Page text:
I must have missed a toggle somewhere, because Everett (the titular host of this Haunted Halloween Backyard Party) strung together a string of profanities for his buddies unlike anything I’ve ever heard.  Standing in the dark near the pizza boxes, I froze. Then, I did what any right-thinking parent would do in this type of situation:  I grabbed another piece of pizza–without making a sound–and snuck back upstairs–also without making a sound. I did not want to be discovered, interloping in the dark, and find myself the subject of the next string of profanities. 

In light of what was going on back there, I had absolutely no business entertaining even a sliver of hope that my ten pumpkins would survive the night.  I fully expected them to be smashed to bits all over the place.  I had already constructed in my mind the heartfelt apology texts I would for sure need to deliver to my neighbors the next morning. They would be unhappy when they awoke to find catapulted and splintered gourds littering their own yards. Worse yet, as I sat on the couch upstairs with the other adults watching the World Series, I privately wondered whether the pumpkin-carving tools made in China would be (foreseeably) misused (on each other) by these boys made in America.  I topped off my wine glass, hoping to bring to a halt the parade of horribles marching toward its logical conclusion in my head. 

Eventually, the party wound down, the kids were picked up, and the pumpkins–miracle of miracles–were unharmed.  Untouched, for the most part.  It’s way easier to cartwheel around the yard screaming “bastard!” at the top of one’s lungs than it is to cut the top off of one’s pumpkin, apparently.  I suspect I do indeed owe a neighbor or two a contrite email or two about a salty word overheard or two, but other than that, I suppose the party was a success.  And now that the throbbing in my elbow has subsided, I see that I still have 6 more jack-o-lanterns that need slicing and dicing.  After all, these pumpkins aren’t gonna carve themselves.

Thanks for reading.

No Sleep Till Hamilton.


We just returned from visiting The Kraken at his high school on the east coast. Every year as Parents Weekend approaches and my wife coordinates the flights and related logistics, I fail miserably. 

I fail miserably to comprehend the magnitude of the impact the “Here is your itinerary for your upcoming trip!” Jet Blue auto-email will have on my aging body and mind. 

Perhaps the failure here is not in the comprehending, but in the remembering.  I have forgotten or maybe repressed how brutally the redeye ravages my circadian rhythm.  I foolishly purchased one of those blow-up travel sleeping pillow thingies a few weeks back, as if that would somehow make things perfectly cool.  As we taxied down the SFO runway, I knowingly overdosed on melatonin, jammed blue foam earplugs so deeply into my ear canals that those canals may never return to their former shape, and flirted with passing out while hyperventilating into the blow up pillow to achieve the perfect inflation point.  I stopped forcing everything I had in my lungs into the black monstrosity (which smelled very much like the plastic inner tubes my childhood buddies and I careened down Syracuse’s snowy Reservoir) only when my eustachian tubes crackled alarmingly and I realized that I would momentarily burst the majority of the blood vessels in my eyeballs.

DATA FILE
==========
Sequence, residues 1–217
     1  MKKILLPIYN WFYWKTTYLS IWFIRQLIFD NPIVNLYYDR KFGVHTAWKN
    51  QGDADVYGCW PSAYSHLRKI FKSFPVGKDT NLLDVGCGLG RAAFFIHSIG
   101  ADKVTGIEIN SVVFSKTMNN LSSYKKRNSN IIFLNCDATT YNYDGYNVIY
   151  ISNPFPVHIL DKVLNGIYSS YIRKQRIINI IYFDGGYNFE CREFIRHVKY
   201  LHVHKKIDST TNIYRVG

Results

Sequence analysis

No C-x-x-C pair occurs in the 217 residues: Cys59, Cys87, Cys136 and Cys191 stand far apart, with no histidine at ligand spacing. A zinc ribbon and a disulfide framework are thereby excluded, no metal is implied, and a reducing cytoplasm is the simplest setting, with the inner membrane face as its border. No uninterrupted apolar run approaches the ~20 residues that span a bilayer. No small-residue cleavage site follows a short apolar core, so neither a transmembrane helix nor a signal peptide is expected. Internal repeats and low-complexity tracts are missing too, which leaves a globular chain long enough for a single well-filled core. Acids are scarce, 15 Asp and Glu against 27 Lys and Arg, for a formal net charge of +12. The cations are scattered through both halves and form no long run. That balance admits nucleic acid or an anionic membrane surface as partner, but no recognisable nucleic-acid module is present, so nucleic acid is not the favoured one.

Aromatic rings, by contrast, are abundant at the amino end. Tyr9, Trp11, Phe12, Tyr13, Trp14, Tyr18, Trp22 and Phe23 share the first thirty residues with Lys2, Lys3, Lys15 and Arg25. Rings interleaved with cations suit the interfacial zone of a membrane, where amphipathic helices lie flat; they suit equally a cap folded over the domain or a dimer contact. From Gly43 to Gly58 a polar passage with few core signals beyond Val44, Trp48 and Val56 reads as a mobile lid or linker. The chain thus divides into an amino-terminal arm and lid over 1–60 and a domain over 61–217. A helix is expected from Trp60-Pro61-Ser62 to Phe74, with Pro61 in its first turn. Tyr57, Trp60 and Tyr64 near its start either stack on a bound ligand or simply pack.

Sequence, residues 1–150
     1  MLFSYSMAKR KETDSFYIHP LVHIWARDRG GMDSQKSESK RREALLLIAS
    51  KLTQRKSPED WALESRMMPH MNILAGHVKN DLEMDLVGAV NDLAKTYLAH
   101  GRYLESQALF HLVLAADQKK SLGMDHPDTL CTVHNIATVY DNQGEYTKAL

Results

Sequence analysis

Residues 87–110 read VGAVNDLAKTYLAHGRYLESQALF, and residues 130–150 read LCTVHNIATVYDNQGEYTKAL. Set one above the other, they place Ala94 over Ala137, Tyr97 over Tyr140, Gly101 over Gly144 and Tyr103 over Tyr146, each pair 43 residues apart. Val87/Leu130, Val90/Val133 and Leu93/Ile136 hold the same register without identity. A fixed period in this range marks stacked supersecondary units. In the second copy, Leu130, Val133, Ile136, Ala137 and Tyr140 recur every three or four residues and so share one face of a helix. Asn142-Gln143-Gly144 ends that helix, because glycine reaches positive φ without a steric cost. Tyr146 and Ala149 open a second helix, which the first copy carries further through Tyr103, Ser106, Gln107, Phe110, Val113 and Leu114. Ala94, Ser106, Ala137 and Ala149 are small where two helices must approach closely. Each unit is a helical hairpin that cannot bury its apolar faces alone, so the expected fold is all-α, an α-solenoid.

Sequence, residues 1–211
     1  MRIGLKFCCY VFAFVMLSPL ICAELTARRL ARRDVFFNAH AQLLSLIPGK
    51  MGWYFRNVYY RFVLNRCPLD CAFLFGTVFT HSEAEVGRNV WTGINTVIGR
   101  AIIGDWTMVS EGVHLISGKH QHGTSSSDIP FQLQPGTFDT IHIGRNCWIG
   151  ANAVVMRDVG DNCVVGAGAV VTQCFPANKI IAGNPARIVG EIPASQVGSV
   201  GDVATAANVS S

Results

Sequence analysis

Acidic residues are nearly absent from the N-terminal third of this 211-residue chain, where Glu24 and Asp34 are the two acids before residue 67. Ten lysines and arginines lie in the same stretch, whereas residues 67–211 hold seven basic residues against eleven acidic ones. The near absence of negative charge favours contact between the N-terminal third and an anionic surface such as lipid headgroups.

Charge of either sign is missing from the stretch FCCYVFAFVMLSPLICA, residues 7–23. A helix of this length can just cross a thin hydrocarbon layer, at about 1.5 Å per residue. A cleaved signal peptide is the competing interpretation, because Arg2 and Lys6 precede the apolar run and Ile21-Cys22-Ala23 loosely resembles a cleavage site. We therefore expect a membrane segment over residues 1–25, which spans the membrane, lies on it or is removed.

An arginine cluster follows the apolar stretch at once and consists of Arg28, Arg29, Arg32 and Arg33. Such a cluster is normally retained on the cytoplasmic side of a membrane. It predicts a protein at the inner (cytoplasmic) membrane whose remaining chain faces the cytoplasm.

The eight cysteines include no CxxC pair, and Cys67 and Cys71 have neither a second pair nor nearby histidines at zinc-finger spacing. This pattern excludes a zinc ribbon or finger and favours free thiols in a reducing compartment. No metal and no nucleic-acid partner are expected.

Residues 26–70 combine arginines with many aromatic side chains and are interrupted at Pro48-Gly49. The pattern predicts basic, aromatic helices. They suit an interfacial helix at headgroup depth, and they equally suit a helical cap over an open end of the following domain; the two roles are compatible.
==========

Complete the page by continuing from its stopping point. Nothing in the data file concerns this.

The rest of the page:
Satisfied with the device’s turgidity, I then spent the next hour or so wrestling with the contraption.  I abandoned any sense of dignity within the first 5 minutes of this epic battle.  My wife rolled her eyes the moment I pulled the to-be-inflated pillow from its little case in my backpack.  (I abandoned any sense of dignity with her years ago.) But I felt the intense heat of my fellow passengers’ stares and judgment all over me as I grappled with this chemical off-gassing bastard likely mutating my DNA strands every time I took another big inhale and wrapped my arms around or inside or all twisted up like an improperly-performed Bikram Yoga Eagle Pose.   Nothing worked. We landed in Boston several hours later, and I hadn’t done anything even remotely close to sleeping. I was wired and exhausted.  And of course I stupidly combatted that with a giant Dunkin Donuts coffee.